From his alleged pro-Israeli bias, to his lust for making money, we look at why Tony Blair’s ‘peace’ role was a disaster
Since 2007, Tony Blair has been the official envoy for the Quartet Middle East Peace Negotiators – the UN, EU, Russia and the US.
However, time seems to be up in that role for the man that senior diplomats have described as a “standing joke” with “no credibility”.
Here’s five reasons why Blair’s tenure as peace envoy is viewed by critics as such a failure.
1) Peace process? What peace process?
In the eight years that Tony Blair has been the peace envoy, the situation in Israel/Palestine has only deteriorated.
All peace talks have broken down as Israeli settlement expansion has continued unabated.
Meanwhile, life under occupation for millions of Palestinians remains unchanged, living in constant threat of arbitrary arrest, house demolition or violence from the Israeli army.
Israel has also launched constant attacks on the Gaza Strip, most notably Operation Cast Lead in winter 08/09 and Operation Protective Edge in summer 2014, with a combined Palestinian death toll of over 3,500.
And what did envoy Blair do as the bombs were dropping on Gaza last year? He threw an early 60th birthday party for his wife Cherie at their lavish PS6m mansion in Buckinghamshire.
2) No one trusted someone with such a bloody record
When it was announced in 2007 that Blair was to be Middle East Peace Envoy, many thought it was a twisted joke.
While British Prime Minister, Blair waged wars in Afghanistan and Iraq which led to the deaths of over one million people.
Someone with such a bloody history was always going to struggle to portray himself as a unifying figure of ‘peace’ and he was viewed with suspicion from the offset.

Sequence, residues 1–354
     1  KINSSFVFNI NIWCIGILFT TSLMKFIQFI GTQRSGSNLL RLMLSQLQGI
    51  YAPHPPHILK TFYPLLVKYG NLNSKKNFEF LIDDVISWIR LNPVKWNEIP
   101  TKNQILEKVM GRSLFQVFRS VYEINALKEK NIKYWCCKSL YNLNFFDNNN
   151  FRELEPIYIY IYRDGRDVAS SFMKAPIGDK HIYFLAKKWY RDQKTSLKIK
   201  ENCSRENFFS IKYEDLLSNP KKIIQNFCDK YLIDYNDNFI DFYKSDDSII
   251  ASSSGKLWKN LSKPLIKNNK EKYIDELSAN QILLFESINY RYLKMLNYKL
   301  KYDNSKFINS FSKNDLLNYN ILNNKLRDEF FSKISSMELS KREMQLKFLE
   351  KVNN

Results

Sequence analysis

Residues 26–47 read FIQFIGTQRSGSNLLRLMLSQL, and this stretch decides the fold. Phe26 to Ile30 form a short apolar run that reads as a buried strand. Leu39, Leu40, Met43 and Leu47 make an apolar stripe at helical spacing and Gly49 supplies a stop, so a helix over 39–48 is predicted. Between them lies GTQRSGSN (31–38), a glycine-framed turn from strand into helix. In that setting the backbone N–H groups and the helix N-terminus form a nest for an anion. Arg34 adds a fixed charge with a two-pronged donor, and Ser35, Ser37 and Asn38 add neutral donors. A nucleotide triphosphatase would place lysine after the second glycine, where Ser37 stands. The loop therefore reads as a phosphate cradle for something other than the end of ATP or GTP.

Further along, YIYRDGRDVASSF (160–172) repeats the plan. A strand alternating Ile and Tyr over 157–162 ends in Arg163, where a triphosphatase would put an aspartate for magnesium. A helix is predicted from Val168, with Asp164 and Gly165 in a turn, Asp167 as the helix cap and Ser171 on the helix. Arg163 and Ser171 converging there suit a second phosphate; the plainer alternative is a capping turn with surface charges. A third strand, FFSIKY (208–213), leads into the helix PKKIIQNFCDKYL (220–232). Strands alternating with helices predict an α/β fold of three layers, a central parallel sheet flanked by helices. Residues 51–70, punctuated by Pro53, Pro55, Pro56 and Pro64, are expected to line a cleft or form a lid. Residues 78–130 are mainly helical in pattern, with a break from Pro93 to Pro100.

3) Blair was suspected of being biased in favour of Israel
To be a mediator in any conflict zone, one would assume that a level of neutrality would be required. Not so for envoy Blair.
Blair was widely seen to be biased towards Israel with some Palestinian officials saying he acts “like an Israeli diplomat”.
It was also revealed that Palestinians felt Blair seemed to “advocate an apartheid-like approach to dealing with the occupied West Bank”.
Blair even hired ex Israeli army intelligence officer Lianne Pollak to work in his office as a private consultant. Pollok was previously a policy advisor to Benjamin Netanyahu.
4) He was more concerned with getting rich than making peace
Blair’s extensive business deals with countries in the Middle East raised concerns of a conflict of interest with his diplomatic role.
Reports suggest his personal fortune could be worth as much as PS100m and there have been suggestions that he has sought to profit on his profile and position when brokering business deals for clients.
Some of these clients include PetroSaudi, an oil company with links to the ruling Saudi royal family, and Mubadala, an Abu Dhabi wealth fund. Blair is also paid PS8m a year for advising the Kuwaiti government.
In addition, Blair is also an economic advisor to Abdel Fattah El-Sisi, who has been accused of serious human rights abuses since taking power in Egypt in 2013
5) He seems to have even given up on democracy recently
Tony Blair went to war in the Middle East with the declared intention of spreading democracy and liberal values to the region.
But now Blair seems to have given up on that, too, as he announced last week that democracy isn’t as important as strong government.
Speaking in Egypt, Blair said: “Yes democracy is important, but democracy is not on its own sufficient. You also need efficacy. You need effective government taking effective decisions”.
But for someone so close to the undemocratic Saudi, Egyptian and Israeli regimes, he has to say that, right?
Picture by Ministero Istruzione